Response to the Scottish Executive Consultation on Widening and Increasing Access to Psychological Therapies.
A proposed intervention - Executive Summary
- Person-centred/experiential (PC/E) counselling and psychotherapy is a family of psychological therapies that can help clients develop moresatisfying and fulfilling lives through the provision of an empathic, nonjudgmental and empowering therapeutic relationship.
- Person-centred/experiential therapy enables clients to take responsibility for their psychological wellbeing and development, and is closely aligned to a patient centred healthcare agenda.
- Person-centred/experiential practice is an empirically-supported approach to therapy which is demonstrably effective for a range ofpsychological difficulties, including depression and mixed anxiety and depression, substance abuse, post-traumatic stress disorder andadjustment to life events.
- Meta-analyses indicate that person-centred/experiential therapy is equivalent in overall effectiveness to other therapeutic approaches, including CBT.
- Person-centred counselling is most obviously appropriate for delivery atTiers 2 and 3, with some current and potentially efficacious application at Tier 4. More focused PC/E interventions are particularly suited to Tiers 3 and 4 and the use of person-centred counselling skills suited for widespread delivery at Tier 1.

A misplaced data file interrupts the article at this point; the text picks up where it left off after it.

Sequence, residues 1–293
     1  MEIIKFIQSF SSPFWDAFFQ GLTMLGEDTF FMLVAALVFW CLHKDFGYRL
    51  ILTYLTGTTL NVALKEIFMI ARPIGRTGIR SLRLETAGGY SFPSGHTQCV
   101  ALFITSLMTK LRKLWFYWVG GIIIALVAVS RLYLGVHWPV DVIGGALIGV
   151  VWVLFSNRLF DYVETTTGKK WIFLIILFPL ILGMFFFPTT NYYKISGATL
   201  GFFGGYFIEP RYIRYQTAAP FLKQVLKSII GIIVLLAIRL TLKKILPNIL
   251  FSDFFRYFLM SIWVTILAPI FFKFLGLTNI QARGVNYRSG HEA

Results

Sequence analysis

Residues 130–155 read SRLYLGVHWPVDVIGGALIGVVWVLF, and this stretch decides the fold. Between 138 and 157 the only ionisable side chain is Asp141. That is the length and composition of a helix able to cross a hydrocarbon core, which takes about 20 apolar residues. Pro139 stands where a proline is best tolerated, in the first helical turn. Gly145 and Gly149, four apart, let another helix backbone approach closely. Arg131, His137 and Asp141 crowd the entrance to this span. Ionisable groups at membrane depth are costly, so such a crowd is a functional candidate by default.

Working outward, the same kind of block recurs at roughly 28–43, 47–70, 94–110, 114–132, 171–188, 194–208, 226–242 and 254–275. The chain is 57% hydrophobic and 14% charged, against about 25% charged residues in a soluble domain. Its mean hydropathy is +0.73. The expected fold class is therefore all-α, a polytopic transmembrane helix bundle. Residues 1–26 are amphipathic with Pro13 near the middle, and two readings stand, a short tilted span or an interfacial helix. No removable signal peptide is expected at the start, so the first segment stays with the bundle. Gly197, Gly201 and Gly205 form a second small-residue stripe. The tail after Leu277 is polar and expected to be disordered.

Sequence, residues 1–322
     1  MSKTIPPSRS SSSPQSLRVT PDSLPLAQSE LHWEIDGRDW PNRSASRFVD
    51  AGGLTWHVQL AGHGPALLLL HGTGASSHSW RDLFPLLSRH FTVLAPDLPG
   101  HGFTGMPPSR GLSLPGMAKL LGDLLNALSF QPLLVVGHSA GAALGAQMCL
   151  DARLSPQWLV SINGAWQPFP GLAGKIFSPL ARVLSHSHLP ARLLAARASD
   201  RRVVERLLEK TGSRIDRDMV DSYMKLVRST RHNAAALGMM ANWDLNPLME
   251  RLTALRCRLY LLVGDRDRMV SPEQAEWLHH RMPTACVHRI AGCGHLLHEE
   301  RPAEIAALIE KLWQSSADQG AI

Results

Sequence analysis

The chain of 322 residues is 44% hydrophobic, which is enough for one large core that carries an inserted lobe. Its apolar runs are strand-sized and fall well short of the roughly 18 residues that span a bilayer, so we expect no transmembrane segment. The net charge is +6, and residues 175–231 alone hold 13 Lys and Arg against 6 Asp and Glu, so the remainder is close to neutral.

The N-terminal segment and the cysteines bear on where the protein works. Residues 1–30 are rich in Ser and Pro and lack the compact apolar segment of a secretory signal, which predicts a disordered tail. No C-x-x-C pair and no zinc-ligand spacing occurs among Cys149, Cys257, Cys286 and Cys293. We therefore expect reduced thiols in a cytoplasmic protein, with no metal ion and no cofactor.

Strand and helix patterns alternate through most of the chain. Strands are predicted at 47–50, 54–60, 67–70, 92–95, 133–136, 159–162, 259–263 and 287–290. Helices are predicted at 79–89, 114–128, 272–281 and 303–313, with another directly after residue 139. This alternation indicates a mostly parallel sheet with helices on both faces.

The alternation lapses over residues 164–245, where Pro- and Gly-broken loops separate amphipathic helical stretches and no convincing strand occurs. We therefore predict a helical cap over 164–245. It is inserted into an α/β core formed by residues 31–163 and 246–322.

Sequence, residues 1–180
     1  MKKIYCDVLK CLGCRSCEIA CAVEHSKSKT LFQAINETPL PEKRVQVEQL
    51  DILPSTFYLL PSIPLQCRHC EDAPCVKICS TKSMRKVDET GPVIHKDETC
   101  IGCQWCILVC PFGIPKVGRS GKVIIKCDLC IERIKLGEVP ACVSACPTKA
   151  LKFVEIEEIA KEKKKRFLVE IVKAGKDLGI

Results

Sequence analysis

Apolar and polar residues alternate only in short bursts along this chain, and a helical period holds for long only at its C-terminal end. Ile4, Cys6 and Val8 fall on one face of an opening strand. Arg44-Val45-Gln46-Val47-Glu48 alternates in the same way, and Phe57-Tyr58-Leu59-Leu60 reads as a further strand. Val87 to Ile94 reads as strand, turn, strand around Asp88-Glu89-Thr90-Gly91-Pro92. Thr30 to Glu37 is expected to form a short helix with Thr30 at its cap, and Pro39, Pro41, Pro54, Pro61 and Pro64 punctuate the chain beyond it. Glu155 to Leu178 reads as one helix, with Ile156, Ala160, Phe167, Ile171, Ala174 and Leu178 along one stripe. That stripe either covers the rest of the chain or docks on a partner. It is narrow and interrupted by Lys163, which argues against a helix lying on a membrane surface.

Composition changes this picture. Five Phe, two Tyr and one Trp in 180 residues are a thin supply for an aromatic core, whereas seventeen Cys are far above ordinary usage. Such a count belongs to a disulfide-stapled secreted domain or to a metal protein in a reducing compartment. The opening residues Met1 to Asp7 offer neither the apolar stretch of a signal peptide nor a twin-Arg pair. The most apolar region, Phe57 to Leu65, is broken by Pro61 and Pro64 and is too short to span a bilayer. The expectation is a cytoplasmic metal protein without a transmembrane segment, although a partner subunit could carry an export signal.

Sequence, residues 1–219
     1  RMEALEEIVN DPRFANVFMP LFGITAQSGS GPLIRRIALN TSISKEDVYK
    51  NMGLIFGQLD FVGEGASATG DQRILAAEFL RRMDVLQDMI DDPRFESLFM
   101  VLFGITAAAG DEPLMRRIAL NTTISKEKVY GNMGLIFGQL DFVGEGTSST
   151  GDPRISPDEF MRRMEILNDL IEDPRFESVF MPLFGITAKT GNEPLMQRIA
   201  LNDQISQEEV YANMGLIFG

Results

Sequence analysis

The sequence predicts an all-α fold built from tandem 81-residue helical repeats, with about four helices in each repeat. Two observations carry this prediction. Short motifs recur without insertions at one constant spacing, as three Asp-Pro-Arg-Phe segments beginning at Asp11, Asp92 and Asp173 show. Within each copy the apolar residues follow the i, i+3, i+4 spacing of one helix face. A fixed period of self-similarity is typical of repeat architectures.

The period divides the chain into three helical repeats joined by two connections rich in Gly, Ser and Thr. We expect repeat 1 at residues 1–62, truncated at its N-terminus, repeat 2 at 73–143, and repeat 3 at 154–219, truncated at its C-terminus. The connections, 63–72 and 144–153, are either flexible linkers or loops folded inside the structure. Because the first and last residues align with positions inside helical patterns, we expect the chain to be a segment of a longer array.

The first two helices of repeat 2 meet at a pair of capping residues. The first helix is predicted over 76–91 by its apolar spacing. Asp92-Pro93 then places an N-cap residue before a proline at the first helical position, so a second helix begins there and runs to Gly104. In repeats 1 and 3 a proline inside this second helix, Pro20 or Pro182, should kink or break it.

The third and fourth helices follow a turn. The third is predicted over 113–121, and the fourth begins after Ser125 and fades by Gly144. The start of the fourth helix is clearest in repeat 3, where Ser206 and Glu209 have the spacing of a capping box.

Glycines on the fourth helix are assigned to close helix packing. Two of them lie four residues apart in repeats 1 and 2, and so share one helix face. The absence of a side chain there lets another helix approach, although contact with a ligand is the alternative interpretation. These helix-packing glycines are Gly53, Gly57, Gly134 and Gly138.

- Person-centred counselling is well established both in the NHS and across a variety of settings in Scotland. Over the past 11 years, more than 25,000 patients have made use of this service in Lanarkshire alone.
- A large and skilled workforce of PC/E practitioners exists in Scotland, with over a thousand graduates of Scottish person-centred diploma courses in the past decade.
- Professional standards for counselling require all PC/E therapists to have regular clinical supervision and to demonstrate a commitment to continuing professional development and ethical practice.
- Person-centred/experiential therapies can make a significant and valuable contribution to the diversity and effectiveness of mental healthcare provision in Scotland.
Mick Cooper, Professor of Counselling, University of Strathclyde, John McLeod, Professor of Counselling, University of Abertay, Robert Elliott, Professor of Counselling, University of Strathclyde, Dave Mearns, Professor of Counselling, University of Strathclyde, Jo Hilton, Secretary, Person-Centred Therapy, Scotland, Susan McGinnis, Co-ordinator, Counselling in Schools Project, Glasgow, Susan Cornforth, Counsellor in private practice, Kevin McGeever, Director, Lanarkshire Therapeutic Counselling Service, Tracey Sanders, Lecturer in Counselling, University of Strathclyde, Lorna Carrick, Lecturer in Counselling, University of Strathclyde, Mike Hough, Senior Lecturer in Counselling, University of Strathclyde, Ewan Gillon, Senior Lecturer in Psychology, Glasgow Caledonian University